The Disclaimer – How to be responsible and irresponsible at the same time


Warning Sign via Wikimedia Commons

Here’s the line, this sentence is the line, do not cross this line if you are unable to handle personal responsibility and accountability. If you cross it something may happen to you, that something may be bad, you might not like it, you could get hurt. I have now warned you. What I’m really doing is making you responsible for your own actions so that I can say and do what I want and I won’t have to listen to your whining and blame passing when something I do or say bothers you. I apologise if this disclaimer offends you. That is the first and last apology I will give you, take it or leave it. What you do is up to you, don’t tell me I made you do it, I can’t make you do anything you don’t want to do, you chose to be made to do it so you could do it and not blame yourself for doing it but blame me instead.

That’s my version of a disclaimer. I could have made it more airtight. It definitely has loopholes through which an irresponsible person can jump, fall and injure themselves and then blame me for it, maybe even sue me. If I point out to them that there was a warning sign telling them not to trespass if they couldn’t handle being shot for trespassing, they’ll probably tell me that the sign was not clear enough and they thought it was an invitation.

Last night I watched a news broadcast which was all about a part of the coast which is unsafe. The local council has put up barriers and warning signs to stop people from going beyond a certain point. The barriers are easy to climb over and under, the signs are easy to ignore. So the council called the news and asked them to repeat the warning and stress that crossing these barriers was dangerous and could result in injury. Images of the dangers awaiting those foolhardy enough to ignore warnings were shown… Still there will be someone who in spite of all the warnings and barriers will cross the line, they may even do so as an activist proclaiming it’s a public space and they have the right to be there, if they get injured bet they blame the council for not protecting them… protecting them from who or what exactly? Themselves?

That news item was followed by a violent storm warning for most of the country this weekend, with the sort of winds which turn acorns and conkers into bullets, ordinary items into dangerous projectiles, and have the potential to knock down trees. That reminded me of the time I was in the Bahamas when Hurricane Andrew hit. There had been a tropical storm warning, but the locals just shrugged that off, it was that time of year. Then it turned into a hurricane and everyone started to prepare for the worst. As the storm neared the island, the streets emptied, except for one intrepid newscaster who kept everyone up to date with what was happening outside. They were about to head for shelter as the wind was picking up pace when they spotted a man sauntering along the beach with his two children. The reporter spluttered and fumed at such an irresponsible parent. They confronted him and he remarked that his kids had never seen a hurricane. The reporter tried to contain their rage and repeated the warning that this hurricane was going to be devastating, and then reminded the man that it was one thing for an adult to ignore the warnings, that was his choice and problem, but his kids relied on him for their protection.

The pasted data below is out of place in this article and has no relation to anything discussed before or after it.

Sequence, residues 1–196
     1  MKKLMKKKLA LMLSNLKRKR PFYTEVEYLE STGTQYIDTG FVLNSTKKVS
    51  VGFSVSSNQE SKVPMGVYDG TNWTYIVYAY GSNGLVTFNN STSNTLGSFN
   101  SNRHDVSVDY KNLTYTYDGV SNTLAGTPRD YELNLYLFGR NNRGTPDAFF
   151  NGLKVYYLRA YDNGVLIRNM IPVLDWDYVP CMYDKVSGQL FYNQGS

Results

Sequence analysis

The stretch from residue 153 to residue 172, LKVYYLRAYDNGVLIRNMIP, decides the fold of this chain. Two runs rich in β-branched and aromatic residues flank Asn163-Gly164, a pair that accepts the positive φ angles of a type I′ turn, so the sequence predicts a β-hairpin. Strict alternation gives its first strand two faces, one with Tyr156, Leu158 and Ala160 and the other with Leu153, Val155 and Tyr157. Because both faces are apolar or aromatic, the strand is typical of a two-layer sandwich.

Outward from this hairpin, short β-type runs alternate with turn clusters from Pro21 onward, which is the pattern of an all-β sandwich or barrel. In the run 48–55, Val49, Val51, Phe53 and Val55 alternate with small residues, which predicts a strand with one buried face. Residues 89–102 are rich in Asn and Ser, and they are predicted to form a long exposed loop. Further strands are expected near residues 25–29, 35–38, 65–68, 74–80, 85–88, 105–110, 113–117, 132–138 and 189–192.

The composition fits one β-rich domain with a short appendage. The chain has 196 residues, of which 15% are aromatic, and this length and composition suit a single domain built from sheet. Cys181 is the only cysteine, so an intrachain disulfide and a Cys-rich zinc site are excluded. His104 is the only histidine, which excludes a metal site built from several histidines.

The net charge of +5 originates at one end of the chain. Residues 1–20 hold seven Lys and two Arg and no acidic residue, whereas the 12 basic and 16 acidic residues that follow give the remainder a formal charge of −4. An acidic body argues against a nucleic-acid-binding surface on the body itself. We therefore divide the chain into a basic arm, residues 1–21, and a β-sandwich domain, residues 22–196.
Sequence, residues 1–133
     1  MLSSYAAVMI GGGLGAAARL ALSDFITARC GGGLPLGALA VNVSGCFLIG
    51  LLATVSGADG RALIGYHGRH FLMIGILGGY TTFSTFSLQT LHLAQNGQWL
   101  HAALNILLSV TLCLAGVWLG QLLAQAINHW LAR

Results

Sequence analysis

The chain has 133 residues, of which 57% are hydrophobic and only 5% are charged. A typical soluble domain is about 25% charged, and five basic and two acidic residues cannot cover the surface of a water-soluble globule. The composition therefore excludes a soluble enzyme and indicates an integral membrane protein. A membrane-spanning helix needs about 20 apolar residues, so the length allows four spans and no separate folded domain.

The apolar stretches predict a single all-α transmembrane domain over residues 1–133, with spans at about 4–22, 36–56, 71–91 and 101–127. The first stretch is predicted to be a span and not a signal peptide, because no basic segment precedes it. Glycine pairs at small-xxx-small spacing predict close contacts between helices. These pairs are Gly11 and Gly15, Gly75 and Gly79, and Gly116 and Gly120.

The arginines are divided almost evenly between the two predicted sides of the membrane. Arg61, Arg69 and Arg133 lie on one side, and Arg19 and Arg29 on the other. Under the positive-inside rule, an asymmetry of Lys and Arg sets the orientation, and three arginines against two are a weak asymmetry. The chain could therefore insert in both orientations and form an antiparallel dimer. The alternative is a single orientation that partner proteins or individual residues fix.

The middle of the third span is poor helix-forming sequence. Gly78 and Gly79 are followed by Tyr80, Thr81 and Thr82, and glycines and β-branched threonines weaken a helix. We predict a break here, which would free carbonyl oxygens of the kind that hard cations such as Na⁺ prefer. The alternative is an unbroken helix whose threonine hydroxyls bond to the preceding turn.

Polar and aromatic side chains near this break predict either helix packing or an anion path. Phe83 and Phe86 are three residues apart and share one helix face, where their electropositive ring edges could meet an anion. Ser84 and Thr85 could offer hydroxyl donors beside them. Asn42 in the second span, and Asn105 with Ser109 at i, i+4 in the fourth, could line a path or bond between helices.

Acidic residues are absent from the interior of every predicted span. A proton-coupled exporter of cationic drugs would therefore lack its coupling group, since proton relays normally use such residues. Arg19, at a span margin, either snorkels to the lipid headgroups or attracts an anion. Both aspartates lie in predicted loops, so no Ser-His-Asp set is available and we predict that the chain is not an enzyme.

So sometimes responsibility for our safety and lives lies with ourselves and with others. Sometimes all the time. We do rely on others not to kill us even if they can and want to, and they rely on us to do the same. We share the responsibility.

Many disclaimers are there because the person giving the warning is trying to be responsible.

Sometimes the disclaimer is there so that the person giving it can then pass on the responsibility and be irresponsible, such as – I don’t mean to be rude, but… Now you’re not allowed to get offended by anything they say or do because they don’t mean to be rude. But they do and they know that’s exactly what they mean to be, and so do you. However if you get offended, they’ll get upset because they gave a disclaimer and now they are free from the consequences of their intended rudeness. The problem is yours.

Then there are those who make a statement which doesn’t seem like it is a disclaimer, but it is, such as – I am very sensitive. At first this seems innocuous enough. The person is aware of themselves and is passing on that awareness to you so that you know that anything you say and do will be taken personally and they will get hurt and blame you, then you’ll have to apologise, repeatedly, and eventually being around them will be a tightrope walk on a rope made of eggshells over a minefield.

Of course the problem with disclaimers and warnings is that if we see them or hear them often enough we tune them out. We know, we know, blah blah blah. Which is fine most of the time. In fact it is amazing how often it is fine, we just tend to only notice when it isn’t fine. When the warning we thought didn’t apply to us, suddenly applies to us.

Then again some warnings are invitations. A challenge. Tempting us to trespass. Why? Because we’re human and we are a complex mix of opposites and all the varied hues in between.

This time of year… Is Trick or Treat a warning, a disclaimer, an invitation, a challenge or an incredibly annoying and limited choice?


A very funny take on the complications of heeding and reading a warning:

Norges Talefelj discussing the swimming rules at Norwegian beaches (in Danish with English subtitles).